A Perfect Portrait (Part 2)

Alex had never considered himself someone who loved their job.

He liked it well enough on average, but that day he felt strangely energised. The walk there had lifted his mood with every step and he almost forgot to take his breaks, given how much energy he had. While sitting outside for his enforced break he wasn’t even bothered that he didn’t have the money for lunch. Sitting in the dappled sunshine was enough.

This mood followed him all the way through the day, towards his building, up the stairs and all the way to the door. The moment he stepped through the threshold, he found his face dropping its smile and he only walked far enough forward that most of him would land on the bed.

He wanted to sleep more than anything, but his phone buzzed in his pocket and he had the energy to check that, at least. It was a message from an old friend asking when his new place would be ready to host a games night. Looking around his living meagre space, Alex reasoned it might never fit particularly since apart from the chair he couldn’t exactly move the furniture around. He was in the middle of replying when he realised that something was wrong.

He sat up and looked at the chair, innocuously pushed into the desk. Alex slowly got up to look at it, wondering if the landlord had provided it. He did remember there had been a chair during his inspection.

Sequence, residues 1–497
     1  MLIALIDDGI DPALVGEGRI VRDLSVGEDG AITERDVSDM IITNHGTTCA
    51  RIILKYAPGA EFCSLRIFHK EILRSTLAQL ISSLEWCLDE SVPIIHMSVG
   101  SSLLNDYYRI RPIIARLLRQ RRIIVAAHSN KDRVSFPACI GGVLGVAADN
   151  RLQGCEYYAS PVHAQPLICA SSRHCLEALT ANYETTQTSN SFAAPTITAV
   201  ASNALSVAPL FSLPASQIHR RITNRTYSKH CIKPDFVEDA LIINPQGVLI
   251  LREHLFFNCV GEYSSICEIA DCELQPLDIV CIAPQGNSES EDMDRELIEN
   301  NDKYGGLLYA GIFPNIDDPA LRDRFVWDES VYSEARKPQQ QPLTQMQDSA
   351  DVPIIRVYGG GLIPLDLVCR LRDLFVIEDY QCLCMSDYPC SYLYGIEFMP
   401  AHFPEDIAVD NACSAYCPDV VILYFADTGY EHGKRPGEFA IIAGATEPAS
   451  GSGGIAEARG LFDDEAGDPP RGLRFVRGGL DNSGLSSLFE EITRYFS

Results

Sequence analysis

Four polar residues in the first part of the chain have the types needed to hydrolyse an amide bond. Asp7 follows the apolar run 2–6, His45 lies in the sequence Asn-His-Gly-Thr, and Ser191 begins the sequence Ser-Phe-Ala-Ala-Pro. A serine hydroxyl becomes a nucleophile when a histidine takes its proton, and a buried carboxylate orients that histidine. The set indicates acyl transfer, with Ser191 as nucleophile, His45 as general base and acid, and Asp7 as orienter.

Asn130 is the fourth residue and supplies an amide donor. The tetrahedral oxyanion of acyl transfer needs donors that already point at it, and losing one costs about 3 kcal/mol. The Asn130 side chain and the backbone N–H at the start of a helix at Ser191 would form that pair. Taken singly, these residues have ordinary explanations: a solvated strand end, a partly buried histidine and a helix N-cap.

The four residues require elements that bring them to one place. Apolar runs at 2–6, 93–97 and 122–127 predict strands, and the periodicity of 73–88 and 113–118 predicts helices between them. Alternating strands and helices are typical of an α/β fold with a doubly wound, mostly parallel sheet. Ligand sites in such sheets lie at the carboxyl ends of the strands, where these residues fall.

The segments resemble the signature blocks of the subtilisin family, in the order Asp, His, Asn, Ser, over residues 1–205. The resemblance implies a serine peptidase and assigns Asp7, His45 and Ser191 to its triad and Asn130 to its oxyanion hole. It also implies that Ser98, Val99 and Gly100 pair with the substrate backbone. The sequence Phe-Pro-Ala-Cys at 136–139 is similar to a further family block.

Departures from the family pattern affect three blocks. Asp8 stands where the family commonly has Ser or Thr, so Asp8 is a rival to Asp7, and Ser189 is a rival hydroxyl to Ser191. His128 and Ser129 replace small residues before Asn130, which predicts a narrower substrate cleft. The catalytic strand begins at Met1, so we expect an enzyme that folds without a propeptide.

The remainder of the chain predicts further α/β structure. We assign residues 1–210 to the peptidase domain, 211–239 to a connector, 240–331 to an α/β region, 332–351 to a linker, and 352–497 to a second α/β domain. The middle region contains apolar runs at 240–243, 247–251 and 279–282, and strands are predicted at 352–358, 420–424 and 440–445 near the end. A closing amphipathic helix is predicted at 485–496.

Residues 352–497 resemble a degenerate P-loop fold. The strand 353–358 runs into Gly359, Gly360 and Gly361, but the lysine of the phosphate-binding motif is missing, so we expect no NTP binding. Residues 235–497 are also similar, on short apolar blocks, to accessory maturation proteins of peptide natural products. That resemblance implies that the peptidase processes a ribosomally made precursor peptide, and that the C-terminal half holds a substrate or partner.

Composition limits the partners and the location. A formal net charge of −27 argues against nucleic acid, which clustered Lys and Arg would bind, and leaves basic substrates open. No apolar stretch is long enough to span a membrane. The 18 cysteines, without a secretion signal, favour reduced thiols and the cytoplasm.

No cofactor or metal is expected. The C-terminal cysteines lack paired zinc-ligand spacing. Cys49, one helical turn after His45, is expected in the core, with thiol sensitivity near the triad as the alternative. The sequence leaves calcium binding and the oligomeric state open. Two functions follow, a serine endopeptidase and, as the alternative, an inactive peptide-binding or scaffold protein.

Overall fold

As he came into view of the other side of the chair, he saw deep scratch marks and dark stains on the wood. It looks like it had been repeatedly scored by something very sharp. One of the legs was broken near the bottom, as though it had been snapped off. The jagged points reminded him of uneven teeth.

Blankly he thought that the old tenant must had returned it, or maybe the landlord had recovered it from the bins. But surely no person would think this was in serviceable condition and no one should enter his home without permission.

He turned to leave, to go outside and… find the landlord, he decided. Really, he just wanted to leave the room and was using the excuse to justify rushing outside.

As he turned to face the door, he noticed something that paused his footsteps.

The chair in the painting was gone.

It wasn’t just painted over. It was no longer in the scene.

He walked closer without thinking. There were indents in the carpet where the chair had been, as though it had just been removed. He took a step backwards, staring at a painting that was now just a wall and floor. He blinked repeatedly, trying to focus on it. He then noticed that on the carpet was a black shape. Peering closer again, he saw that it was a wallet. It was his wallet. He recognised the cracking on the cheap vinyl spine of the wallet he had kept overfilled with loyalty cards.

Looking at its surroundings, he realised why it had taken so long for him to notice it. The wallet sat in a dark stain on the green carpet. What had looked like the shadow of the chair yesterday was a large, discoloured splotch. It looked brownish. The detail of the painting showing the individual fibres sticking out of the carpet which looked stiff from drying coated in whatever that liquid had once been.

He remembered how crusty it had felt under his feet when he asked the landlord if it could be cleaned.